The all eight incarnations or avatars of Ganesha are known as the following names or titles:
- Vakratunda (One with Twisted Trunk)
- Ekadanta (One with Single Tusk)
- Mahodara (Great-Bellied)
- Gajanana (Elephant-faced)
- Lambhodara (Long-Bellied one)
- Vikata (Misshaped)
- Vighnaraja (The King of this whole World)
- Dhoomravarna (Smoke-Colored one)
As per Puranas, the above eight avatars of Ganesha were taken to slay the demons in different ages.
The eight demons are also associated with eight doshas (faults, disorders in attributes or traits) in humans which are:
- Kaam (lustful love or desire)
- Moh (attachment)
- Krodh (rage or wrath)
- Mad (hubris or pride)
- Lobh (greed, possessiveness or covetousness)
- Ahankar (ego or sense of I, me, mine, my)
- Matsar (envy, hostility, jealousy)
- Agyan (wrong knowledge or ignorance due to Maya, the worldly illusion)
These all faults halt the spiritual growth and distracts from being the idol soul. Lord Ganesha is believed to protect us from these eight types of doshas.
Beliefs, Mythologies and Folklores
Story of Ganesha’s Birth and Elephant-Head
There are several stories and their different details are believed about the birth of Ganesha and his head of elephant. Some say Ganesha had taken birth with elephant head, others believe he had acquired his head later. Some say Ganesha had come directly from the laughter of Lord Shiva.
The most believed story of his birth says that he was created by Goddess Parvati using clay or her body-waste. Later when unintentionally Ganesha came in between Shiva and Parvati for fulfilling Parvati’s order, Shiva beheaded him in anger. When Parvati mourned a lot, Shiva replaced Ganesha’s head with the head of an elephant.
Interpretation of Mouse, Vahana of Ganesha
The mount or vehicle of Shri Ganesha is interpreted as Tamas Guna (attribute of anxiety, disorder, negative, dull, destruction, violent, ignorant) and desires. As the rat is a menace to corps and a destructive pest, it is referred to vighna (harm, hurdle, obstacle or impediment) that is supposed to be overcome. It symbolized to those who wish to be selfless and fulfill their desires. Shri Ganesha is signified as the lord and master of his mount mouse, also known as Musaka, derived from mus (robbing and stealing). This whole is associated with the beliefs that being the master of obstacle generators, he can remove all the hurdles coming in the way and so is worshipped to fulfill wishes and desires without any trouble.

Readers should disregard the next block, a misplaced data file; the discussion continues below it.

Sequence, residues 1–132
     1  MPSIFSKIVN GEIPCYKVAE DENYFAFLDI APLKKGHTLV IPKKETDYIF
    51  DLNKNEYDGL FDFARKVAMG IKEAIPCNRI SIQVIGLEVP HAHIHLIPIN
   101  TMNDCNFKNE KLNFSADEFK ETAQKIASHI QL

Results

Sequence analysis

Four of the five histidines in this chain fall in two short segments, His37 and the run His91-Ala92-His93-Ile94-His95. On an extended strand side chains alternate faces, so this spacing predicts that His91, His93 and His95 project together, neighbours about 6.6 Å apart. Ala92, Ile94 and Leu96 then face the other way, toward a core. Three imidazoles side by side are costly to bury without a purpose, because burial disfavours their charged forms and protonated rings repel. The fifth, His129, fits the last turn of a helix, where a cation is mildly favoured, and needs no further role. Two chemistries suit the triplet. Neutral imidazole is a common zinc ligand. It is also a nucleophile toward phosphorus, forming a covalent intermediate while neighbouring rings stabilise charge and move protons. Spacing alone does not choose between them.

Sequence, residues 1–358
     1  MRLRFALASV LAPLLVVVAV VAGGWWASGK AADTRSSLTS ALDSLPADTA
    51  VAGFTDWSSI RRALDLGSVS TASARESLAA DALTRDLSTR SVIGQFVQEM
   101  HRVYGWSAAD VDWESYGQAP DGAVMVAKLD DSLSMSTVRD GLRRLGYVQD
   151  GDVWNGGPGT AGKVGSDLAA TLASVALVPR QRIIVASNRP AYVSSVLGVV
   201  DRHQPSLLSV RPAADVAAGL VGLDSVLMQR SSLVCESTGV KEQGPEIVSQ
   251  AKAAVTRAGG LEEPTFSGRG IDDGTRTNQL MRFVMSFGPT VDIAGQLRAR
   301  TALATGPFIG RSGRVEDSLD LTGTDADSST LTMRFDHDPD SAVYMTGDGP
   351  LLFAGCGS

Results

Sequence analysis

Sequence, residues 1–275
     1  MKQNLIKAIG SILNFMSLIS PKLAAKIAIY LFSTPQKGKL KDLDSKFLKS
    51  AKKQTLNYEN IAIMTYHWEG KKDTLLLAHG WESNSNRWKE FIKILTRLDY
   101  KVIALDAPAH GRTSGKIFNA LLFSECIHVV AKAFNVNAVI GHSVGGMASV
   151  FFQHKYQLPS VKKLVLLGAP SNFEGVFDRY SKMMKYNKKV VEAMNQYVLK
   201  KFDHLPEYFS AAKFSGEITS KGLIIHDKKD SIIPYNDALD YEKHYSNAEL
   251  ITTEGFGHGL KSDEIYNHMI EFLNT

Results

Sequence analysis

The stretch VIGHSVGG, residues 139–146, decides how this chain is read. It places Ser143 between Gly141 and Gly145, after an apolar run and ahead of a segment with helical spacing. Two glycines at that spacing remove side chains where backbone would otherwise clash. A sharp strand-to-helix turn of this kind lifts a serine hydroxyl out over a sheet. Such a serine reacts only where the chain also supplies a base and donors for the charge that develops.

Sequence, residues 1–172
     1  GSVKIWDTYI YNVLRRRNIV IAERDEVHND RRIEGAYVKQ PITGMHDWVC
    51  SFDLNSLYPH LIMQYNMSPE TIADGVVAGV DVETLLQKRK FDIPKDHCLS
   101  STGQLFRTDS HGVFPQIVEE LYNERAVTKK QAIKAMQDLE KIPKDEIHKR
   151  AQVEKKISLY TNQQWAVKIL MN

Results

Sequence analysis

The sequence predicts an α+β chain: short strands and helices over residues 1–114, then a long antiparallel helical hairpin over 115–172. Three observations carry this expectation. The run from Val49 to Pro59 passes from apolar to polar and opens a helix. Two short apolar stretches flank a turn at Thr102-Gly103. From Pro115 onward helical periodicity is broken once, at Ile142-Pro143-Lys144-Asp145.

Worship at Beginning of Events and Ceremonies
Being the ‘God of Beginning’ people start their religious events and worship with remembering Shri Ganesha first and then other deities are worshiped. As Ganesha is revered as the ‘God of Obstacles’ people worship him first before starting any auspicious, religious, secular or business related work. Other than at the beginning of venture, Ganesha is worshipped while buying a vehicle. When people enter in a new home, then too his idol is established before starting to reside in the new home.
The Idol and Photo of Shri Ganesha
People who belong to Hindu religion, there is hardly a home where the idol of Ganesha does not exist.
His idol or photo is established at the doorway of many Hindu temples with a belief that he will keep the unworthy out. This belief has an analogy with his role of gatekeeper for Goddess Parvati.
Not only this, devotees believe that if his idol is presented to someone is proves auspicious to the person. So people gifts his idol to their beloved one when they start a new business, job, project or start living in new home, or get married.
Devotees do this all with a faith that Shri Ganesha will bestow prosperity, success and protection from evils, obstructions and adversities. And so Hindus invoke him at the beginning of prayer, important events, ceremonies and religious deeds.
Importance of Shri Ganesha for Artists
Those who belong to art, such as dancers, painters, musicians and those who are associated with the fashion industry, begin their work and performances such as stage shows, exhibition, Bharatnatyam, etc with a prayer to Shri Ganesha.
Worship (Puja) of Ganesha